Milley Fumed Over Trump Preaching ‘Gospel Of Führer’ By Pushing Big Lie

Chairman of the Joint Chiefs of Staff Mark Milley testifies during a Senate Armed Services Committee hearing on March 4, 2020. (Photo by Drew Angerer/Getty Images)
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Gen. Mark Milley, the chair of the Joint Chiefs of Staff, reportedly compared then-President Trump’s refusal to concede the election to Adolf Hitler, saying that Trump preached “the gospel of the Führer” by pushing falsehoods of a “stolen” election.

In an excerpt of the book “I Alone Can Fix It” by Washington Post reporters Carol Leonnig and Philip Rucker that was obtained by New York Magazine, Milley fumed that Trump had led the country to the brink of its own “Reichstag moment” with his efforts to delegitimize democracy.

According to Leonnig and Rucker, seven days after Election Day, Milley got a call from “an old friend” that raised alarms about Trump and his allies’ effort to “overturn the government.”

Milley, however, didn’t sweat the warning because he reportedly believed that any of Trump’s attempts to cling to power would hit roadblocks simply because the military wouldn’t let that happen.

“They may try, but they’re not going to fucking succeed,” Milley told aides, according to Leonnig and Rucker. “You can’t do this without the military. You can’t do this without the CIA and the FBI. We’re the guys with guns.”

Milley was reportedly disturbed over Trump supporters rallying to the then-President’s baseless claims of widespread election fraud, calling them “Brownshirts in the streets.” According to Leonnig and Rucker, Milley “believed Trump was stoking unrest, possibly in hopes of an excuse to invoke the Insurrection Act and call out the military.”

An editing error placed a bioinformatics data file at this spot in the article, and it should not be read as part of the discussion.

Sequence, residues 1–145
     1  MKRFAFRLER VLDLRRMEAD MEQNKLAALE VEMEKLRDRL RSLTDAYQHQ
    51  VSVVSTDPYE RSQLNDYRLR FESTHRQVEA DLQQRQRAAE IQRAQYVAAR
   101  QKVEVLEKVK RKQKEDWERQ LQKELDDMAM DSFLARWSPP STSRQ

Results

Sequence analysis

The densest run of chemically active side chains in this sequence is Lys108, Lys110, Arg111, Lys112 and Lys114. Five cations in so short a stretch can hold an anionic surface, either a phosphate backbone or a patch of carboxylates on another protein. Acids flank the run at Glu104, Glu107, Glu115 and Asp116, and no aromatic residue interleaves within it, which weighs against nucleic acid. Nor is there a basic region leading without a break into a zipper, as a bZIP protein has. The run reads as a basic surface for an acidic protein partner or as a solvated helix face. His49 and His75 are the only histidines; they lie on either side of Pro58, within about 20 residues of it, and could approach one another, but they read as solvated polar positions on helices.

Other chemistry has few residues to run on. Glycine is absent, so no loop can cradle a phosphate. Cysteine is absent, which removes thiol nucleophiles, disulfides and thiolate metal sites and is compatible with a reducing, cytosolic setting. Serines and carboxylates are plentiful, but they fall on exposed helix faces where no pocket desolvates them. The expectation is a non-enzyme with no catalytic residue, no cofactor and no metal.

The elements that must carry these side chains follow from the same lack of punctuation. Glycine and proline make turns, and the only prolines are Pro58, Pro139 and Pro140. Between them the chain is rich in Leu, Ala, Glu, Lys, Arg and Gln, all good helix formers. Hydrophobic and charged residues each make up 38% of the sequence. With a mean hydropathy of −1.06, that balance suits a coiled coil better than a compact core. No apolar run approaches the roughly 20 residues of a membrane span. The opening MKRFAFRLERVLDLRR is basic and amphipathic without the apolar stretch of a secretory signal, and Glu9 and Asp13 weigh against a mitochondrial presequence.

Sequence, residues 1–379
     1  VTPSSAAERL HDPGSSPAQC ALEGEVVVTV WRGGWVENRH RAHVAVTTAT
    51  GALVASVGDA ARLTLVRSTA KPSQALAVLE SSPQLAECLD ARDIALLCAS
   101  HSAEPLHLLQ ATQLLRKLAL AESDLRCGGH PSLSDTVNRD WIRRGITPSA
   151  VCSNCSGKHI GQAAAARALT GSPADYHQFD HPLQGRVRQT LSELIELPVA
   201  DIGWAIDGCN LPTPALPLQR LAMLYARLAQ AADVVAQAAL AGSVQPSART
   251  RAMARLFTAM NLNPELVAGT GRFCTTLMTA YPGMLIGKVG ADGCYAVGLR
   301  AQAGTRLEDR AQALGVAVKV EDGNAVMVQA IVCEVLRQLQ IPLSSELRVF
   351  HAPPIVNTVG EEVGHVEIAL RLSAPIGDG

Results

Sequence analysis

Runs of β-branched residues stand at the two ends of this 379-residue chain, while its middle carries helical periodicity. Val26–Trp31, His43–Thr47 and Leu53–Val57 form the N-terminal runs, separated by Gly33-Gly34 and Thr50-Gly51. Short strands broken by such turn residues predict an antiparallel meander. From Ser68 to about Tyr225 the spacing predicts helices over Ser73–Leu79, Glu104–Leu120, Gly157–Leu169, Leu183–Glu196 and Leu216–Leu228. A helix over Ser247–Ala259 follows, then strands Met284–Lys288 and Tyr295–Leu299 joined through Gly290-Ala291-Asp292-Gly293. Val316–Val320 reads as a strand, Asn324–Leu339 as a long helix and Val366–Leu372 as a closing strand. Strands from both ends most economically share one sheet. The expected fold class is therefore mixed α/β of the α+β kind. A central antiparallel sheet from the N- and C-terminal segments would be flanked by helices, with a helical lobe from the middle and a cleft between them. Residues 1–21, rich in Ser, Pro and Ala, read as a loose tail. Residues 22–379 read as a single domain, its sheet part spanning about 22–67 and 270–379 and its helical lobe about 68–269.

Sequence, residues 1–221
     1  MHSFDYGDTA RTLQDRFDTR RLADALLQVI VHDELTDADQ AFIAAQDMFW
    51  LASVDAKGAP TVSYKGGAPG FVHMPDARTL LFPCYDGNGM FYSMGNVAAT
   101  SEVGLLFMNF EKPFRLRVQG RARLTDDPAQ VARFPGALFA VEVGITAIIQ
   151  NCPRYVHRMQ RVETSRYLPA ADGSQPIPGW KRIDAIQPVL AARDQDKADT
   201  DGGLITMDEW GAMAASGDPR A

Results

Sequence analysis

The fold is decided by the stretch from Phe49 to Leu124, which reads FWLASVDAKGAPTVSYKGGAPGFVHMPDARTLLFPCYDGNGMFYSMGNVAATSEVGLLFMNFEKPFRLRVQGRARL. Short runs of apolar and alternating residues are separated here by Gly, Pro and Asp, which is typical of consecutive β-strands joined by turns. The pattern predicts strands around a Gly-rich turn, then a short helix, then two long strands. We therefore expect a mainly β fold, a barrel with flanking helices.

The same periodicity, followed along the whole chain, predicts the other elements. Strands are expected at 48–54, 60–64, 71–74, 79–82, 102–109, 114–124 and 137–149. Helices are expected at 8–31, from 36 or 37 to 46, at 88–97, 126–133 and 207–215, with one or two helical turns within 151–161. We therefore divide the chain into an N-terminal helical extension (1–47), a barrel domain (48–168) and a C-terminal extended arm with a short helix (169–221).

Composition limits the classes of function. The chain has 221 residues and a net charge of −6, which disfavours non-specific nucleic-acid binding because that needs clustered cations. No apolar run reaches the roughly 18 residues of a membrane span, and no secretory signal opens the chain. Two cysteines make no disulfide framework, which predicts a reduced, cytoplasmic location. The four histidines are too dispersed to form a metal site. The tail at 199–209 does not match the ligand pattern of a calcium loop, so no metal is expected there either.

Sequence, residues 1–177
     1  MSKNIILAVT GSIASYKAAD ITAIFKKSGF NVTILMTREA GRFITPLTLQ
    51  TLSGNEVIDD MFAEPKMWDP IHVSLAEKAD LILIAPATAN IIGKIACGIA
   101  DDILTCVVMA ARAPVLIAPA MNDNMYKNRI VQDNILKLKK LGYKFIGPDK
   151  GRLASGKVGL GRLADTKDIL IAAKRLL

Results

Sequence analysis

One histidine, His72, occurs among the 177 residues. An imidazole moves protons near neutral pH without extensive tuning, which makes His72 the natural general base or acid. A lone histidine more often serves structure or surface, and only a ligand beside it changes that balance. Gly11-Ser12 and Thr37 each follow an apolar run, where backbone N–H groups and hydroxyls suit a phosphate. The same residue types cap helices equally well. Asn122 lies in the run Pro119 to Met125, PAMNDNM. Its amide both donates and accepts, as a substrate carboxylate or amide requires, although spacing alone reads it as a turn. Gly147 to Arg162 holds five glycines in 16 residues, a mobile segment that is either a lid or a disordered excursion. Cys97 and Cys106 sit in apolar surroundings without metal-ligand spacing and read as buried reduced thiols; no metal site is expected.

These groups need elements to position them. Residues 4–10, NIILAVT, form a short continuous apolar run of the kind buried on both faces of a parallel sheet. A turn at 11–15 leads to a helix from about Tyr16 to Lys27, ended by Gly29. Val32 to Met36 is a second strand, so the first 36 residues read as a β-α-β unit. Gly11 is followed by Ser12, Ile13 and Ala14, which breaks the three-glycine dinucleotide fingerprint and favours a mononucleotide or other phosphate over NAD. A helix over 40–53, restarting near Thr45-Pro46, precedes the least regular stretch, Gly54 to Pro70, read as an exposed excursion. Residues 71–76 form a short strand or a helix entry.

Milley reportedly said that the U.S. was facing its “Reichstag moment,” referring to the 1933 arson attack on the German parliament in Berlin that happened four weeks after Hitler was sworn in as Chancellor of Germany. The Nazi Party used the attack as a pretext to claim that communists were plotting against the German government.

On Jan. 6, Milley was reportedly at the White House when he watched Trump’s remarks at a “Stop the Steal Rally” — when the then-President told a crowd of his supporters to “fight like hell” to overturn the election results — hours before the Capitol insurrection on the day of the joint session of Congress certifying Joe Biden’s electoral victory.

“These guys are Nazis, they’re boogaloo boys, they’re Proud Boys. These are the same people we fought in World War II,” Milley said a week after the Capitol was breached by a mob of Trump supporters and endangered lawmakers’ lives, according to Leonnig and Rucker.

Following Biden’s oath of office on Inauguration Day, former First Lady Michelle Obama reportedly asked Milley at the Capitol about how he felt.

“No one has a bigger smile today than I do,” Milley told Obama, according to Leonnig and Rucker. “You can’t see it under my mask but I do.”

Leonnig and Rucker’s account of Milley’s reaction to Trump’s efforts to delegitimize democracy come on the heels of Milley facing right-wing outrage over his defense of teaching so-called “critical race theory” to members of the military. Conservatives have appropriated and hijacked the academic and legal concept as one of its many faux culture wars.

“The United States military academy is a university,” Milley said. “And it is important that we train and understand … white rage. And I’m white, and I want to understand it.”

Milley’s defense of “critical race theory” unsurprisingly prompted Trump to call for his resignation.

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